U.S. Department of Justice indicts 14 for corruption, including two FIFA vice-presidents
The U.S. Justice Department has published a full list of individuals and companies accused of corruption in world football, including two FIFA vice-presidents, Jeffrey Webb and Eugenio Figueredo.
There are nine FIFA officials and five corporate executives involved in sport on the list, according to the Justice Department's website, who according to the department have been enriching themselves through corruption since 1996.
Seven suspects on the list were arrested by the Swiss authorities in Zurich on Wednesday morning and will be extradited to the U.S.
Beside Webb and Figueredo, current FIFA executive committee member-elect Eduardo Li, FIFA development officer Julio Rocha, and current member of the FIFA organizing committee for Olympic football tournaments José Maria Marin are accused of racketeering, wire fraud, money laundering, and bribery.
Another two hold official positions in football federations: attache to CONCACAF (Confederation of North, Central America and Caribbean Association Football) president Costas Takkas; CONMEBOL (South American Football Confederation) executive committee member and Venezuelan Football Association president Rafael Esquivel.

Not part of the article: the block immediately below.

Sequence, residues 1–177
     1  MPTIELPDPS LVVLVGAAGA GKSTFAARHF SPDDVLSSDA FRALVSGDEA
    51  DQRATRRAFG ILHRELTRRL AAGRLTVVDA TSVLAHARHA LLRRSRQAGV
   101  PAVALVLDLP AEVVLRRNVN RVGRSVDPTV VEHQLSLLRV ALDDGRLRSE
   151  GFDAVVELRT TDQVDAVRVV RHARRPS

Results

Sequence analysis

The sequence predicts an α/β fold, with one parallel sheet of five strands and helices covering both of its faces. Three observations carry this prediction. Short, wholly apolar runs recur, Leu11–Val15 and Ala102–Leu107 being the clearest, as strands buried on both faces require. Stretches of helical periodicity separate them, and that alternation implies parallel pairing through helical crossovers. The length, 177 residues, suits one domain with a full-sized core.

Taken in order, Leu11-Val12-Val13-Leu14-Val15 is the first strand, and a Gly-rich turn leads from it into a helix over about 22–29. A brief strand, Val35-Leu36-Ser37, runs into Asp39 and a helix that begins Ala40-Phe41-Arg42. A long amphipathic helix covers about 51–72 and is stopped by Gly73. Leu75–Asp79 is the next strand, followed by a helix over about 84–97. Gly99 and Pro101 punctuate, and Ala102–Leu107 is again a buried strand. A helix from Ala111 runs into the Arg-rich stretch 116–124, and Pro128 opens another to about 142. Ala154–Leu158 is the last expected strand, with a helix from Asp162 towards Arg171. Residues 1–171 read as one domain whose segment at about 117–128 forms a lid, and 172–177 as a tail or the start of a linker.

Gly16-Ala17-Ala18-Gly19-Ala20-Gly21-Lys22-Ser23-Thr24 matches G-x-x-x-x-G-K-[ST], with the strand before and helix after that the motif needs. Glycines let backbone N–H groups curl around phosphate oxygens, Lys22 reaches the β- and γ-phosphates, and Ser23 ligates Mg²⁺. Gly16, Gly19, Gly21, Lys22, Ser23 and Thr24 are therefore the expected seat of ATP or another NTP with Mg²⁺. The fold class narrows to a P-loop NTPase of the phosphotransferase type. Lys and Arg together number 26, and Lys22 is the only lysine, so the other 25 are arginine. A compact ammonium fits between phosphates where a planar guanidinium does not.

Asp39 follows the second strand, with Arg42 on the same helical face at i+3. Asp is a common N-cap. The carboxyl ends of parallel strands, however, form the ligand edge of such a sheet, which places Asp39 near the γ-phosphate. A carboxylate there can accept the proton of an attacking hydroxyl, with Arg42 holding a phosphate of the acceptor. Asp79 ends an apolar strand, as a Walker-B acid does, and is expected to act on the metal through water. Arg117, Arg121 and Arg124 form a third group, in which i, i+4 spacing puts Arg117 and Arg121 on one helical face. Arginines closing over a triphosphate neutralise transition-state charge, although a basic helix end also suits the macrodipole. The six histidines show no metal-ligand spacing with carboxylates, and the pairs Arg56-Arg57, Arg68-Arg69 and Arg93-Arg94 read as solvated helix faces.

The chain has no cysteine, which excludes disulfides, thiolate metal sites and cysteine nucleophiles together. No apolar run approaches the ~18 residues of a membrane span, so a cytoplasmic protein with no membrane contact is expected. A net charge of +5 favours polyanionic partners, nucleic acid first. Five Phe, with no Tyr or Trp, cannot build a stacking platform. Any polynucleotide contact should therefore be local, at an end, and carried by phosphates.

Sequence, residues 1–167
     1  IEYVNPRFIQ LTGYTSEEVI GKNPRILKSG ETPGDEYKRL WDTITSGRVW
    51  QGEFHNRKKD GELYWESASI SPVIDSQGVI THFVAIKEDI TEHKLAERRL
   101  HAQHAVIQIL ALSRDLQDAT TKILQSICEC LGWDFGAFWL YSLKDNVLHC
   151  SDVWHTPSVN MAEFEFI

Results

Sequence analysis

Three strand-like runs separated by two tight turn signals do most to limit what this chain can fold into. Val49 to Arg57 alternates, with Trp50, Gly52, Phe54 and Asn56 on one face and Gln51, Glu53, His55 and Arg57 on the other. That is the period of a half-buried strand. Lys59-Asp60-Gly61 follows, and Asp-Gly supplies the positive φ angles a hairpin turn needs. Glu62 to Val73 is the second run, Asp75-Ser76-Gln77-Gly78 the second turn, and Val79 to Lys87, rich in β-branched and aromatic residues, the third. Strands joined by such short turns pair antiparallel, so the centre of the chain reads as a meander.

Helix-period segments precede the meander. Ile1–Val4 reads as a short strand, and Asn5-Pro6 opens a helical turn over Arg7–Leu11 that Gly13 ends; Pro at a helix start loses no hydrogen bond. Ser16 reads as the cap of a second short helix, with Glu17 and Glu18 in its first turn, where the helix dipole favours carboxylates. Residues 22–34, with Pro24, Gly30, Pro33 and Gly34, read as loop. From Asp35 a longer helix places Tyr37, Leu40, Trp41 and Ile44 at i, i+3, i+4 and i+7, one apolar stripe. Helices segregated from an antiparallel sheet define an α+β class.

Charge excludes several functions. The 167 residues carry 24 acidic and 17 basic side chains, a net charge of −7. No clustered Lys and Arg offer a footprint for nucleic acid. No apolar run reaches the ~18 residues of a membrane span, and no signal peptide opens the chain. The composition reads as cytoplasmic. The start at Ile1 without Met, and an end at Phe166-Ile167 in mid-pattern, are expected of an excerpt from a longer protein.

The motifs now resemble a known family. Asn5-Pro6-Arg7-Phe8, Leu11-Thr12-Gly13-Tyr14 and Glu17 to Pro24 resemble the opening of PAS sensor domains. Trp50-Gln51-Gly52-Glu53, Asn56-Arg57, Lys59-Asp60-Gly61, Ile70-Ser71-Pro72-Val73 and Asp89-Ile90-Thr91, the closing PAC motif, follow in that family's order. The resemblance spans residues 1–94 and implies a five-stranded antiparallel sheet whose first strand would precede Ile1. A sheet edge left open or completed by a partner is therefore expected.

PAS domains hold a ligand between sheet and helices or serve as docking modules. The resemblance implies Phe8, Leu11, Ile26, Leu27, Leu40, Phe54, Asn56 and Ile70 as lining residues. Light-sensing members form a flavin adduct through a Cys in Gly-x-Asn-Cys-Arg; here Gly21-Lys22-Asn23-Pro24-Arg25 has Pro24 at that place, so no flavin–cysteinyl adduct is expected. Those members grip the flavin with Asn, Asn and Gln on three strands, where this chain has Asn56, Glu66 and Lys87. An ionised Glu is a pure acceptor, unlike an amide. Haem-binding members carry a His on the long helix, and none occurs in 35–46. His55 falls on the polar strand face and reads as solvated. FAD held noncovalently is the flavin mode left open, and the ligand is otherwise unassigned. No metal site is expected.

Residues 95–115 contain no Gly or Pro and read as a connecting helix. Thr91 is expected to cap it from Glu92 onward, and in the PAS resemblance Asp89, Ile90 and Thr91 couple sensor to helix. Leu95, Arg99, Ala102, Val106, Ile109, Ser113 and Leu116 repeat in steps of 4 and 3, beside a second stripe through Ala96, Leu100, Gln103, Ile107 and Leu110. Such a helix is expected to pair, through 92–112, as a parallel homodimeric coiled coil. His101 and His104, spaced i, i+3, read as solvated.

Former FIFA vice-president Jack Warner and former member of FIFA's executive committee Nicolas Leoz, who were also indicted, do not currently hold positions in the organization.
Four of the defendants are sports marketing executives – Alejandro Burzaco (Torneos y Competencias S.A. Company), Aaron Davidson (Traffic Sports USA Inc.), and Hugo and Mariano Jinkis (Full Play Group S.A.).
José Margulies (Valente Corp. and Somerton Ltd.), who was the mediator in illegal deals between football officials and marketing executives, has also been accused.
Western media outlets have described it as a $150 million case, the figure paid in bribes and kickbacks, according to investigators.
Guilty pleas of four individuals and two corporate defendants that were revealed today include defendants Daryll and Daryan Warner, sons of defendant Jack Warner, Charles Blazer, former general secretary of CONCACAF and former U.S. representative on the FIFA executive committee; José Hawilla, the owner and founder of the Traffic Group, a multinational sports marketing conglomerate headquartered in Brazil; and two of Hawilla’s companies, Traffic Sports International Inc. and Traffic Sports USA Inc.